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ARS Home » Plains Area » Lincoln, Nebraska » Agroecosystem Management Research » Research » Publications at this Location » Publication #71248


item Blackmer, Tracy
item Schepers, James
item Varvel, Gary

Submitted to: Agronomy Journal
Publication Type: Peer Reviewed Journal
Publication Acceptance Date: 1/1/1996
Publication Date: N/A
Citation: N/A

Interpretive Summary: Dark green leaves of corn are intuitively associated with good growing conditions. The nitrogen status of corn can be measured with a hand- held chlorophyll meter, but that instrument measures the absorbance of red light passing through a single leaf blade. Information was needed to determine how the greenness of a corn canopy related to the nitrogen (N) status of individual leaves. An instrument that measures the intensity of the various colors of reflected light was used to characterize reflectance from a corn canopy. Measurements were made using four popular corn hybrids grown at five N fertilizer rates. Results showed that reflectance in the green band (550 nm) and another narrow band at the upper edge of the red band (710 nm) were better correlated with crop N status than the chlorophyll absorbing blue (450 nm) or red (650 nm) bands. A ratio of reflectance in the red band (sensitive to N) and the near infrared band (insentivie to N, but sensitive to plant biomass) was also highly correlated with crop N status. An inexpensive photocell with sensitivity in the green band was also found to be sensitive to crop N status. These results indicated that it may be possible to use inexpensive commercial sensors to monitor crop N status.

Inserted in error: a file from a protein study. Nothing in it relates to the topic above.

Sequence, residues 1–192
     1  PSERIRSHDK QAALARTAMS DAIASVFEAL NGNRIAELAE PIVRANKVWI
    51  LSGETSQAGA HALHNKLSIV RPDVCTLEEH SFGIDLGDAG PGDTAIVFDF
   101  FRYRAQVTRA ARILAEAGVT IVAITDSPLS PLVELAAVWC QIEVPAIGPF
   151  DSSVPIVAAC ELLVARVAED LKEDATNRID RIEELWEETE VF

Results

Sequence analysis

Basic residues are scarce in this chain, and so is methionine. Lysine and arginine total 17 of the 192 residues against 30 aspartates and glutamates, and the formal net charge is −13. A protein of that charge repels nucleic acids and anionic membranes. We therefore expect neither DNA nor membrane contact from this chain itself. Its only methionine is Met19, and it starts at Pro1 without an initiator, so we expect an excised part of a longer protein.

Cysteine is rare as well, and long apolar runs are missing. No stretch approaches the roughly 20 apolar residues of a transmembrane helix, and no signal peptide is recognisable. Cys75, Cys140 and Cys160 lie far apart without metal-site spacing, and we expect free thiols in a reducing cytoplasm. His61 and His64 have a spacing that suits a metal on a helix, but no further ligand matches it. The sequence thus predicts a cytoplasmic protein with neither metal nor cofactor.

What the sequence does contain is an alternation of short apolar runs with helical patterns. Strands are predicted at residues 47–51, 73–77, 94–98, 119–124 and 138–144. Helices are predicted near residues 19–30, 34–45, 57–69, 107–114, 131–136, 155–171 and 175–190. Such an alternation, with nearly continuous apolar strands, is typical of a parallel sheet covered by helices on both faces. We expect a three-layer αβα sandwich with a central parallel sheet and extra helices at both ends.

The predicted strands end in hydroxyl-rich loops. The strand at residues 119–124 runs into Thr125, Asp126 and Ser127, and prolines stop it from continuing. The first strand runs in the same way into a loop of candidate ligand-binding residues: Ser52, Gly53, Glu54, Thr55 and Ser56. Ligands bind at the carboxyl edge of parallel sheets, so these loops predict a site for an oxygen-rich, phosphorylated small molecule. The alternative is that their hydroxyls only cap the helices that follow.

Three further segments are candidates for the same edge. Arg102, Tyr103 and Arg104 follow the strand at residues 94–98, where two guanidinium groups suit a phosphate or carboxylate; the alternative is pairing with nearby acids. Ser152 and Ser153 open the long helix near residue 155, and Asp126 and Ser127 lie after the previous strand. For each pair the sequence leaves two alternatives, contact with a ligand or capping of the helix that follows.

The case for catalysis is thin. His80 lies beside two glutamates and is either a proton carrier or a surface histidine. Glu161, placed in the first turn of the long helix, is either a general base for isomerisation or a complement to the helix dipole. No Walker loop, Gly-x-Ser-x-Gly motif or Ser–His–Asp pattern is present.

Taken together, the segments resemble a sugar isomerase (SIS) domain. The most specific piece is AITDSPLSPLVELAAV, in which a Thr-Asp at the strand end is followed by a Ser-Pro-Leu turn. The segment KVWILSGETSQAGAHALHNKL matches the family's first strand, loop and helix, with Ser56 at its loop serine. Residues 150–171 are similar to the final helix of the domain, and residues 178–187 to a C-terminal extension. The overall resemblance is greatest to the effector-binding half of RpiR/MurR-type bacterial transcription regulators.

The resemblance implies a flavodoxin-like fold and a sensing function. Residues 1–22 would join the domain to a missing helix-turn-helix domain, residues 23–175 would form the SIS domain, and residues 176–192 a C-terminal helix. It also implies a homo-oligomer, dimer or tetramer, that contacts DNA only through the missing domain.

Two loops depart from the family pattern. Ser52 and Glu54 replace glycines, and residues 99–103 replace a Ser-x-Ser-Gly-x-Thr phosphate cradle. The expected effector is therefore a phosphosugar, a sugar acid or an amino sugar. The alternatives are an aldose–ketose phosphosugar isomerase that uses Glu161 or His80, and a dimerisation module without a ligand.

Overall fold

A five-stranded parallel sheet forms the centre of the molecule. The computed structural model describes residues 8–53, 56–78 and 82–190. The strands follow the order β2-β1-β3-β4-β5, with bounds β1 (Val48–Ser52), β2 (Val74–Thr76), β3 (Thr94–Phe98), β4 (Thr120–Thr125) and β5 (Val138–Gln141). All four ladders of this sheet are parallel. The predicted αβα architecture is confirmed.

Technical Abstract: Techniques that measure the N status of corn can aid in management decisions that have economic and environmental implications. This study was conducted to identify reflected electromagnetic wavelengths most sensitive to detecting N deficiencies in a corn canopy with the possibility for use as a management tool. Reflected short-wave radiation was measured from an irrigated corn N response trial with four hybrids that were fertilized at five N rates. A portable spectroradiometer was used to measure reflected radiation (400 to 1100 nm in 1992 and 350 to 1050 nm in 1993) from corn canopies at approximately the R5 growth stage. Regression analysis revealed that reflected radiation near 550 and 710 nm was superior to that measured at 450 or 650 nm for detecting N deficiencies. The ratio of light reflectance in a band from 550 to 600 nm compared to that measured from 800 to 900 nm also provided sensitive detection of N stress. In 1993, an inexpensive photocell, which has a peak sensitivity to light centered at 550 nm, was also used to measure reflected radiation from a corn canopy. Photometric cell readings correlated with grain yield (r2=0.74), but more research will be required to develop procedures to account for varying daylight conditions. These results provide information needed for the development of variable-rate fertilizer N application technology.